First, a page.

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My advice to Banyana Banyana: Play the man, not the bal...

Business Maverick

AFTER THE BELL

My advice to Banyana Banyana: Play the man, not the ball

South Africa players celebrate victory during the 2022 Women’s Africa Cup of Nations final against Morocco at Prince Moulay Abdellah Stadium on 23 July 2022 in Rabat, Morocco. (Photo: Tobi Adepoju / Gallo Images)
By Tim Cohen
26 Jul 2022 0

Let’s do a little soothsaying because I have a dark suspicion of what is going to happen now. Banyana Banyana arrived back in SA on Tuesday and were rightly heralded for a fabulous achievement: winning the Women’s Africa Cup of Nations. A good crowd turned out for the winners, and we forgot about Eskom for at least an hour.

Their big win in Morocco might be the highlight of Banyana Banyana’s career so far, but they have been a high-achieving team for some time, albeit with the occasional hiccup.

While they got thrashed by Holland earlier this year, they beat a host of other good teams, including the one fielded by Nigeria, to win the Women’s Africa Cup of Nations. But from a branding point of view, victory in a tournament of this size changes everything — often in ways they players themselves don’t fully appreciate at the time.

My dark suspicion is that some guy with a very flash car and an even flashier smile is going to present himself to the players with what he will describe as “a plan”. The “plan” will be to “secure their financial future”. There will be some token representation of financial expertise, including one or all of the following claims:

  • We have been achieving great returns recently with mortgage-backed securities;
  • We have been achieving great returns recently with buying high-yielding options, then offsetting the risk with delta hedging;
  • We have been achieving great returns recently by buying Bitcoin;
  • Of course, there will be some paperwork but I’ll fill it in for you. But let’s get you fixed up with wheels first… a Porsche, maybe? And a crib, obvs.

It’s amazing how many sportspeople fall for these ploys. Boxer Evander Holyfield, basketball player Dennis Rodman, world heavyweight champion Leon Spinks, and, of course, footballer OJ Simpson all earned millions upon millions — then promptly went bankrupt.

I don’t think you have to be a great psychologist to recognise that sportspeople are particularly prone to the winner’s curse. The same obsession and focus needed to succeed at a high level in sport can be harmful when applied with the same vigour to your lifestyle and savings.

The poster child who demonstrated both sporting brilliance and off-field financial disaster was American football player Warren Sapp, who earned $82-million during his 13-season stint with the Tampa Bay Buccaneers and managed to blow it all. At the time of his bankruptcy, he had $826.04 in his account. During the auction of his house’s contents, it was discovered that he had a huge and very expensive tennis shoe collection (note the obsession) and a lion-skin rug (note the ridiculousness).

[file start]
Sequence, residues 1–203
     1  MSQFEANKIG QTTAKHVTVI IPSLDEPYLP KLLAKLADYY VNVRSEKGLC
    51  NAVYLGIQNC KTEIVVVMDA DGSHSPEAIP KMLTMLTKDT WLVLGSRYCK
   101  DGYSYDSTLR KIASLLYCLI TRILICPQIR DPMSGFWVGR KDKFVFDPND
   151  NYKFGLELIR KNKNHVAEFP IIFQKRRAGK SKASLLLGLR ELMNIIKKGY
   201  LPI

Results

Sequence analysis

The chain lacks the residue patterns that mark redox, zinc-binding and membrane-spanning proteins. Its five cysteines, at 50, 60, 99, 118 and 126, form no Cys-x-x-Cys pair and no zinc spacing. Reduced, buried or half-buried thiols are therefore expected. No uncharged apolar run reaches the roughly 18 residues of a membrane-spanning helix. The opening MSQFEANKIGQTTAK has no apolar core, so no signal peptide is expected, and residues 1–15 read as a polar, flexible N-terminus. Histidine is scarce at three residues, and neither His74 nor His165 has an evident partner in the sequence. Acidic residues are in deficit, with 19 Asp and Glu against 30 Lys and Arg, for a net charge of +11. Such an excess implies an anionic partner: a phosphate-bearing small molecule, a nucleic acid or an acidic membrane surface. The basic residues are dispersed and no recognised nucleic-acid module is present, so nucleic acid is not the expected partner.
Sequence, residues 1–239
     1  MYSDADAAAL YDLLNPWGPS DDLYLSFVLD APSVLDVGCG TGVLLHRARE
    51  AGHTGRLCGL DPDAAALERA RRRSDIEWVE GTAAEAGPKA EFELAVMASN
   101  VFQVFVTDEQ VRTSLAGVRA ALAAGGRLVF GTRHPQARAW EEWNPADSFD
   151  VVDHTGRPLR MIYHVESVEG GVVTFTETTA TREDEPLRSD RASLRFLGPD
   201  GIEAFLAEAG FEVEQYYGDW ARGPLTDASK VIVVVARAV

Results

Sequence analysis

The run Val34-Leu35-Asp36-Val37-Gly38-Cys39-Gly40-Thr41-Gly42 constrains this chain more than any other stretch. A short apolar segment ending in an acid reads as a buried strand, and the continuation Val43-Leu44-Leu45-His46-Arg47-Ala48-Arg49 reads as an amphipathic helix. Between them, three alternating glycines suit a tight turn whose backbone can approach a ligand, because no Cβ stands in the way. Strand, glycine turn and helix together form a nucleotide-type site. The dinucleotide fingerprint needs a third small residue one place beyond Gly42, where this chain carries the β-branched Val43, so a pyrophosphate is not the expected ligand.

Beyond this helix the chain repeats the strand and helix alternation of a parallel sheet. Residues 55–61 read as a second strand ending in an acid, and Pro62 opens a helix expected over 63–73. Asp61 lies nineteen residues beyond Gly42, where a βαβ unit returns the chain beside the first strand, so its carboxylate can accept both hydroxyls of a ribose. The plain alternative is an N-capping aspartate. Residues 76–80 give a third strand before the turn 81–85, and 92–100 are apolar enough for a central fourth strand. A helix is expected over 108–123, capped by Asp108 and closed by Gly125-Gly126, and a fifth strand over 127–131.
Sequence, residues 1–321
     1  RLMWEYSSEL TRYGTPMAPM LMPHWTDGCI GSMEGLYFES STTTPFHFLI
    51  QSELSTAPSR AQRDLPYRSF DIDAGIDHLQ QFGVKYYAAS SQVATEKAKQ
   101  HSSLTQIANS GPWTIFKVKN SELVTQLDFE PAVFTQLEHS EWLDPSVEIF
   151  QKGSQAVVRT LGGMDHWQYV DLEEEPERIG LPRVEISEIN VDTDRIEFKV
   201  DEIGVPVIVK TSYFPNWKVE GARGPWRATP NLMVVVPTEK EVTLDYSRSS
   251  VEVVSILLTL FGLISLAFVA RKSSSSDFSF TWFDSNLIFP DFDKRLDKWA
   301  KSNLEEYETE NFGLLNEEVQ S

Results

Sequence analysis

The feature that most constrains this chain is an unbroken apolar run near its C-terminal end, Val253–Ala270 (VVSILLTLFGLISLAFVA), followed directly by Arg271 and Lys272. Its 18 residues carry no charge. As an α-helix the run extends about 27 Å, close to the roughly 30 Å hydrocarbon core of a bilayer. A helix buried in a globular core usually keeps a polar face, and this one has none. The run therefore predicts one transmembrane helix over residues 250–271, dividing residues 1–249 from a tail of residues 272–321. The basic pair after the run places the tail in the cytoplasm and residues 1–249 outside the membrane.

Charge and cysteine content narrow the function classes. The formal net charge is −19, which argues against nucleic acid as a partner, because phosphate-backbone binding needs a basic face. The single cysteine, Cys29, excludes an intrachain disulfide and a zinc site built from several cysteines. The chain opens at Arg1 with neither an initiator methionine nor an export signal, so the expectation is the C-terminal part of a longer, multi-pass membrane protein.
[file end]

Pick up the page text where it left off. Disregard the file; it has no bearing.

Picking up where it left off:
For sportspeople, investing has the same pitfalls as it does for ordinary people, but it’s all speeded up because, although the earnings stream can be huge, it’s also typically short.

The earnings trajectory of sportspeople can give them a false sense of security; if you are earning that much, then buying hugely expensive cars doesn’t seem out of place at the time.

That too is a speeded up version of the savings profile of most people out there; you tend to assume your earnings will continue at the highest level you achieve.

Some financial advisers of sportspeople say one of the biggest challenges for professional athletes is managing relationships with friends and family. Athletes feel an obligation to give back, often because they feel a bit guilty about earning so much more than their loved ones. Boundaries, as with third-party professionals, are crucial as always.

Fortunately, as far as Banyana Banyana is concerned, the sports administrators have, with great wisdom, taken care of this situation by making sure the players earn very little. That happily obviates the financial burdens they might feel if they were earning, say, the same as the men’s team.

Each squad member will receive, for the tournament, approximately R577,000 each, with R9.2-million coming from the prize money and bonuses from the South African Football Association, while Sports Minister Nathi Mthethwa has kicked in a bonus of R5.8-million from his department.

As my Maverick Citizen colleagues pointed out this morning, this compares to the R520,000 that the national men’s team, Bafana Bafana, received in 2019 just for reaching — not winning — the quarterfinals in the Africa Cup of Nations.

My guess is that from a branding point of view, the Banyana Banyana players have more going for them than the Bafana Bafana players — and not just because they actually win competitions. The available product range out there is large and the pool of players who have reached this level is probably smaller. Just my guess.

Anyway, congratulations to the Banyana Banyana team. I really hope they find financial advisers of the non-bullshitter variety. BM/DM

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